Illumina Acquires Helixis for Up to $105M, To Get Small, Low-Cost Genetic Analysis Tool
San Diego-based Illumina has acquired an intriguing startup from southern California with a vision of putting low-cost genetic analysis systems on every biologist’s benchtop.
Illumina (NASDAQ: ILMN), the leading maker of high-speed gene sequencing instruments, said today in its second-quarter financial report, and in a separate statement, that it has acquired Carlsbad, CA-based Helixis for $70 million in cash upfront, plus another $35 million in contingent considerations. Helixis CEO Alex Dickinson has agreed to join Illumina as a senior vice president, and assist in the coming weeks with the introduction of a new product line Illumina is calling Eco Real-Time PCR.
The acquisition was apparently made on April 30, but wasn’t announced until today’s quarterly report. Still, the Helixis deal shouldn’t come as a surprise, given that Illumina CEO Jay Flatley joined the startup’s board last year as it prepared to launch its new product for high-powered, low-cost polymerase chain reaction (PCR) testing. Helixis, which I profiled back in January, was built around the idea creating a real-time PCR technology that’s small enough to sit on the average lab bench, costs less than one-fourth of the standard bulky machines found in centralized labs, and performs with a higher degree of accuracy and consistency. Helixis, which began with technology developed in the Caltech labs of David Baltimore and Axel Scherer, wanted to make a lab bench tool that any biologist could use to precisely measure how DNA is switched on or off in a given sample of, say, cancer cells, compared with healthy cells.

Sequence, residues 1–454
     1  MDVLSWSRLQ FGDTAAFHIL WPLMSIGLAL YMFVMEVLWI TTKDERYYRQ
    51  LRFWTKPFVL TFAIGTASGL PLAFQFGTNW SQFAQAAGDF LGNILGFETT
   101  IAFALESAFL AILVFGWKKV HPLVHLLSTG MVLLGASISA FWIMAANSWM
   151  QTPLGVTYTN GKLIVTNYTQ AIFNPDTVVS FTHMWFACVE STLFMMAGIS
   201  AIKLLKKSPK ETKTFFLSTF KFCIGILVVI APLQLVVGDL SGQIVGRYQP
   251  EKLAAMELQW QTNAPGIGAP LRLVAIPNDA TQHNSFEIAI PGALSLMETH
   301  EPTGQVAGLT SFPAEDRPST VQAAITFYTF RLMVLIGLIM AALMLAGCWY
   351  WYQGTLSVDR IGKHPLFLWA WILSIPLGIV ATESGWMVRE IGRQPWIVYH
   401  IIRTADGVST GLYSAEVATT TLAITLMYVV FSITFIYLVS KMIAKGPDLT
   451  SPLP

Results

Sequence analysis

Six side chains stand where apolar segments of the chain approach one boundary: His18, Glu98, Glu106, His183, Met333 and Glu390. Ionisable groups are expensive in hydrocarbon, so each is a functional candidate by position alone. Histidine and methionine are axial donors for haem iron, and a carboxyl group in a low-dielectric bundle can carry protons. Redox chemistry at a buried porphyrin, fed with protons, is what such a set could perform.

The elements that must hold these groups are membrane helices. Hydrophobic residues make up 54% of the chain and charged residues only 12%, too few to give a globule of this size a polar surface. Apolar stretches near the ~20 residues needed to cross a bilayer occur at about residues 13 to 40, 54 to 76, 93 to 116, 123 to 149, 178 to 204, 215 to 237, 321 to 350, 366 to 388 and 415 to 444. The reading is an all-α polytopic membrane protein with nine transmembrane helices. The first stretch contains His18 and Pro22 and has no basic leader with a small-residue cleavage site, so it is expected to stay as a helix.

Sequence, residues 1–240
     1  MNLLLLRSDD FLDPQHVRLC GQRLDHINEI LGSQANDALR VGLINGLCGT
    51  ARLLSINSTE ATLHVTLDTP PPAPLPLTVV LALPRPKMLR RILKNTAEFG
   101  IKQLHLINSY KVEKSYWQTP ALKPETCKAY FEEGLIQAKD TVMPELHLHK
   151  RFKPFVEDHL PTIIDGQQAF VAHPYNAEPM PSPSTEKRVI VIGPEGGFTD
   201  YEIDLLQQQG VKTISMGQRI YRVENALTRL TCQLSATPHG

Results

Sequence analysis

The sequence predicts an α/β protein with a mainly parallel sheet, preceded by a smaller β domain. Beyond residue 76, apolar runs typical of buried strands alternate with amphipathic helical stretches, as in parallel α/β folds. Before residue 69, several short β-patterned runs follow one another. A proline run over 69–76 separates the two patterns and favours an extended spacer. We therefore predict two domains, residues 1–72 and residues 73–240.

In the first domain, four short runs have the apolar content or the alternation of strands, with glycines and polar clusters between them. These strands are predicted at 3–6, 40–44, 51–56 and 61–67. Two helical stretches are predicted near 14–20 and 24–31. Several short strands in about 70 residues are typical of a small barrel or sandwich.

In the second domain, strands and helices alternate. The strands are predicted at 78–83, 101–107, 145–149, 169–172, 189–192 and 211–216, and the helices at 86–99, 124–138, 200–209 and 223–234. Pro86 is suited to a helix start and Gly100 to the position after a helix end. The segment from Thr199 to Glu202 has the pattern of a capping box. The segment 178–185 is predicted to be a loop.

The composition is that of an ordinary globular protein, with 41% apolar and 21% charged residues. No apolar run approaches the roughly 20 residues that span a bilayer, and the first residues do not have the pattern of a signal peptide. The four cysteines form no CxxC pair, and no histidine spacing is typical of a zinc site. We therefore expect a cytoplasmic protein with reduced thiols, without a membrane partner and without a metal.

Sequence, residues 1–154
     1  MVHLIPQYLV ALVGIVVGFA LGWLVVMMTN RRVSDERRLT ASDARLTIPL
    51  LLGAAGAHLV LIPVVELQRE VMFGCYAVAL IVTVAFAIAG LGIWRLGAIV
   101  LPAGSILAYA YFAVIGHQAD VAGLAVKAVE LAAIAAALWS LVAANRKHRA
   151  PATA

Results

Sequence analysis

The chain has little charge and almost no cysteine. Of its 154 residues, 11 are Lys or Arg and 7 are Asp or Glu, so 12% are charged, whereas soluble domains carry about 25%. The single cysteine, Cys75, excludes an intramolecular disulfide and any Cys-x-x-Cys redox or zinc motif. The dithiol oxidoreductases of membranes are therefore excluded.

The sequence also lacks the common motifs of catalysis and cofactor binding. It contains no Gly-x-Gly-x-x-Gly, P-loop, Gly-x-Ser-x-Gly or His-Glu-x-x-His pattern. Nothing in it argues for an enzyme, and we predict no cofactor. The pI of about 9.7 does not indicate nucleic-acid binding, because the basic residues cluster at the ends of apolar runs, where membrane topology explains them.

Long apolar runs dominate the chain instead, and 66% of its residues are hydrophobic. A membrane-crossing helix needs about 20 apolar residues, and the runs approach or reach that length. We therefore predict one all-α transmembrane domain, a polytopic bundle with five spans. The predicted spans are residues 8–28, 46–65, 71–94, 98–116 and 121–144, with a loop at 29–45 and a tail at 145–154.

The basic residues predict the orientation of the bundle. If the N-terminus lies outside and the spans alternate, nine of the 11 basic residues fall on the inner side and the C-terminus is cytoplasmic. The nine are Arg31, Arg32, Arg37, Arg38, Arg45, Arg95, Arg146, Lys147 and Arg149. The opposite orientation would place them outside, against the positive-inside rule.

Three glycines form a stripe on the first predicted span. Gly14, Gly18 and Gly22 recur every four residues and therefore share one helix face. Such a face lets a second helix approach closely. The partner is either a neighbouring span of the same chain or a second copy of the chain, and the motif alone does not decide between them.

While the big standard machines sold by competitors like Life Technologies, Bio-Rad Laboratories, and Roche can cost as much as $50,000, the new Illumina tool aims to carve out a new market at a much lower price—$13,900. That price should make it “accessible to individual researchers around the world,” Illumina said in a statement.
“We are excited to launch the Eco Real-Time PCR System, which we believe will set new standards for performance, simplicity and affordability,” said Christian Henry, Illumina’s senior vice president and general manager, life sciences, in a statement.
Helixis’ investors appear to be getting a pretty good return on their investment. The company was founded in 2007 with a $10 million investment from Domain Associates, Advanced Technology Ventures, and Okapi Venture Capital. Back in October, Xconomy reported on a regulatory filing which showed the company had raised another $7.3 million.
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